One tires of simply walking around the block and getting barked at by the same dogs in the same places and stepping round the same sewerage leaks … every now and then it is good to walk to the end of the road and along the path decorated with (on this day) donkey droppings acting as a starter marker for a jaunt out of the suburb.
It doesn’t go far for it serves merely as a shortcut to the nominal industrial area and the road that bypasses the town. The area is not as barren or as uninteresting as it might appear at first glance. Tiny pelargoniums look up brightly:
Spiderwebs catch some of the 2mm of rain that fell during the night:
An abandoned hollowed out termite heap gives a glimpse of the layers inside – I am sorry about the litter, but felt disinclined to remove it sans gloves:
At the top of the low rise one gets a lovely view across town on this overcast day:
The return path wends it way through patches of long grass:
In several places termites have been hard at work repairing their heaps:
On our return, we meet a single cow with her calf:
I shrieked; my toes curled, and I dropped the lid of the dustbin – then peered in cautiously. This is the hairy surprise that awaited me:
The spider appeared to lunge towards me and I drew back aghast – then peered into the bin even more cautiously, my toes still in a tight curl:
Needless to say, I replaced the lid promptly.
Now, only a few days later I boiled the kettle to make some tea. I lifted the tin and dropped it like a shot! I shrieked again and curled my toes – another (surely it cannot be the same!) large hairy spider scuttled out from underneath. It disappeared – as I feared – yet as the kettle had nearly boiled I reached to warm the pot. I didn’t get very far:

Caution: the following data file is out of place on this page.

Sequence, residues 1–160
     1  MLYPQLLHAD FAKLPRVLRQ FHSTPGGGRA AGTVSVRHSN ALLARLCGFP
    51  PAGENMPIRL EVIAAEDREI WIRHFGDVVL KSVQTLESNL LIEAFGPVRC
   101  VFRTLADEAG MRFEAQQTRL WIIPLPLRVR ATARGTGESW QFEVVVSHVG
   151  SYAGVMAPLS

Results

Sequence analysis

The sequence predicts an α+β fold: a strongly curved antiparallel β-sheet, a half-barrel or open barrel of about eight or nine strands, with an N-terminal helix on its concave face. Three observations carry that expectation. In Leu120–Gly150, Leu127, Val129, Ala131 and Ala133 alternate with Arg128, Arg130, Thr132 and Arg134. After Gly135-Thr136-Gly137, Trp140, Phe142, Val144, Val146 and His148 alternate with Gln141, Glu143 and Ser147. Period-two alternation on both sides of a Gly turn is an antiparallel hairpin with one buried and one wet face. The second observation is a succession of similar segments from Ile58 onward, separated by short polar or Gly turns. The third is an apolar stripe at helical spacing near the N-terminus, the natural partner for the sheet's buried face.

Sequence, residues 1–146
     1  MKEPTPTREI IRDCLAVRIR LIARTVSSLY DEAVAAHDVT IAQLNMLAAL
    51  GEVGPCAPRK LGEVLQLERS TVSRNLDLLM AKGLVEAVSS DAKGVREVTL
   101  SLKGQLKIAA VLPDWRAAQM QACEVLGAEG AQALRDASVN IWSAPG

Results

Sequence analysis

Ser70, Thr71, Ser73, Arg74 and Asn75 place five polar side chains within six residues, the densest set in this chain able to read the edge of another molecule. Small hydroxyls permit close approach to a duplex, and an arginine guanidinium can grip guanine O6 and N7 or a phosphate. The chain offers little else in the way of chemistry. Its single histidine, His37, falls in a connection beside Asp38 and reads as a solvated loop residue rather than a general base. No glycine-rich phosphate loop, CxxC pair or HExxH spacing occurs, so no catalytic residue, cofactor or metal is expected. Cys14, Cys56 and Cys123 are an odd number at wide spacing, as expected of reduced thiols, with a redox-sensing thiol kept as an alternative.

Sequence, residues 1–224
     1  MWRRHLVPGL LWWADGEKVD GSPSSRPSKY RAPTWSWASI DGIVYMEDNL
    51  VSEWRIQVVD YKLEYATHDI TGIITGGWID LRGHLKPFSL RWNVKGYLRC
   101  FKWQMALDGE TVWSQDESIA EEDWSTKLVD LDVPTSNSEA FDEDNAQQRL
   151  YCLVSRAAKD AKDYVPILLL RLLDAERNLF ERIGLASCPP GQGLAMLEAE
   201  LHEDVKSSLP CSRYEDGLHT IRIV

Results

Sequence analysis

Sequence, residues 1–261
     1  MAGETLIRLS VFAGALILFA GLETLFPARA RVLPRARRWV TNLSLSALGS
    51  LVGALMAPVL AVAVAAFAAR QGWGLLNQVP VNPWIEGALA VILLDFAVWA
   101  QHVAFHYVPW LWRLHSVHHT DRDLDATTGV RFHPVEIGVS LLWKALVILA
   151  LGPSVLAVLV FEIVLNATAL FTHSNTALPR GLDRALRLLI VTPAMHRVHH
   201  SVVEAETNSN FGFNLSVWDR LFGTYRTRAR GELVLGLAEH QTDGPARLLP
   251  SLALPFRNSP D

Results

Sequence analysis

For the spider had sought shelter in the tea pot!
Give me a snake any day!
For the curious among you: my husband simply placed the lid on the tea pot, took it outside, and emptied the spider into the lavender bush. Of course I would have been able to do that – once my toes had uncurled!
… that in the time it took to brew a mug of tea – while my back was turned – a spider did this to me!
Where it went I do not know – there was no sign of its passing, either in the tea or out, except for the lacy (hasty?) web it had spun!
The Flatties are back. Some of these Common Wall Spiders are small while others are large. They are all over the house, where they can be seen on the walls and the ceilings. While they do move during the day, they appear to be most active at night.
This one paid a visit to our bathroom. I don’t mind them at all for they are completely harmless and do us the favour of hunting for mosquitoes and flies (both of which are being rather pesky at the moment) as well as moths.
The ones frequenting our house are this brown to grey colour with stripes and bands. While they stand out on the walls, this colouring is particularly good for camouflaging them outdoors, where I occasionally see them on the rocks near the pool or on tree trunks.
I was comfortably ensconced in an arm chair while reading in the lounge late the other evening. I was engrossed in the novel on my lap when I was quietly informed that I might like to look up. This is what I saw emerging from the folds of the curtain just above my head – I take it you are not surprised the photograph is not in full focus:
Unsurprisingly, I chose a different chair – from where I could look up and track the spider’s very slow progress across the wall:
It circumnavigated the room over the next two days before disappearing.